A few days back, the polish newspaper Rzeczpospolita reported that the Polish government is in full nationalization mode against… textbooks? That's right! It would seem that elementary (and secondary) textbooks are nothing but a tool of capitalist imperialist dogs… err… no, that's not it… err… they are "too" expensive for parents to buy since they are already spending about 100 million PLN -zloty- (or about 36 million USD) per year.
OK, now let's take a look at that number. There are about 13 million families in Poland, and each family has an average of 1.3 children (let' round it up to 2 just to be on the safe side). That means that each family would have to spend 2.75 USD per year in textbooks. Fair enough, but is this number low or high; is it affordable?
Well, the average net disposable income for a Polish family is in the order of about 15.000 USD/year (this is the amount of money left after all living expenses have been paid). But, there is a wide distribution of income, with the highest 20% earners making as much as 5 times more than the lowest ones. OK, let's then take the worst case scenario and take the lowest 20%. And so assuming this distribution we find out that families in the poorest 20% bracket have a yearly disposable income of about 6000 USD/year. This number is not that great, but according to the 2012 Mercer Cost of Living survey, Warsaw (the priciest city in Poland) ranks 153rd of 214 cities in the world. This means that even the most expensive city in Poland is comparatively cheap to most cities. A very generous monthly expense for a family covering all needs is about 1000 USD. And so 6000 USD/year of disposable income for the 20% poorest families is equivalent to 6 months' worth of living expenses. In other words, 6000 USD/year/family (in the poorest bracket) is still quite OK.
Clearly, 2.75 USD/year for textbooks is not exactly a burden with 6000 USD/year of freely disposable income.
Obviously, these numbers are not telling the whole story. Why would the government go this route? This makes no sense, therefore we need to dig deeper.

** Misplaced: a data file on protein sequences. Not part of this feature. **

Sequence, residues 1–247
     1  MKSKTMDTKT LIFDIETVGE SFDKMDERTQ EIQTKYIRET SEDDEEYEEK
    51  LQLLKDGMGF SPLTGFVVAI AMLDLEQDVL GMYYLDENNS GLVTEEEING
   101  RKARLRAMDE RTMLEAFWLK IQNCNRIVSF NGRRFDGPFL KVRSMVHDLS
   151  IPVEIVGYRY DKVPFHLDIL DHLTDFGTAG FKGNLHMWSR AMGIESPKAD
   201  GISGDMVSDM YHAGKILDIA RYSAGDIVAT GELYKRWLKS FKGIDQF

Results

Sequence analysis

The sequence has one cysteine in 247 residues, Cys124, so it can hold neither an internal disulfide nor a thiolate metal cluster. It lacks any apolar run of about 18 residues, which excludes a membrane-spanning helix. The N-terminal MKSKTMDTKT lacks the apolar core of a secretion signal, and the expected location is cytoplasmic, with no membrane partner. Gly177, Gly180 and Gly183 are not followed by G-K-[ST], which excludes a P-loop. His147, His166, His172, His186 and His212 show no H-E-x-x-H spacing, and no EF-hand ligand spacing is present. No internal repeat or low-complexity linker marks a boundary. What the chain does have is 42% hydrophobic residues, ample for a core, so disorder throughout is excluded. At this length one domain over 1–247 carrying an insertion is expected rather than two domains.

Let's take a look at Polish finances (by the way, all the following numbers were provided by the International Monetary Fund).
This graph shows Polish GDP, which is growing at an accelerated rate. As a matter of fact, Poland is one of the largest and fastest growing economy in EU. This cannot be it since wealth is clearly accelerating.
Note: Incidentally, take a look at Polish GDP once communism ended in it. See the difference? This is precisely why we are against communism; it is not an ideological thing, it simply does not work!
Is perhaps inflation a problem? Let's take a look.
Well, inflation is on the rise, but all considering prices "only" doubled in the last 30 or so years, which is not that bad. Current Polish inflation is in the order of 2% and has been for a few years no. So no. Inflation is not an issue.
Note: incidentally please note the low levels of inflation during communism. This is correct. Since pricing in communist systems is all political, inflation is not an issue. What is an issue is getting the goods and services one needs, which are not available. There is no free lunch, even in communist systems. The laws of economics are immutable.
Could it be unemployment?
Well, unemployment went up between 1999 and 2005 but since it has stopped at around 10%. Now, this number is relatively high, but it is not horrendous. This cannot be it. Then why? Would it perhaps be Polish government spending?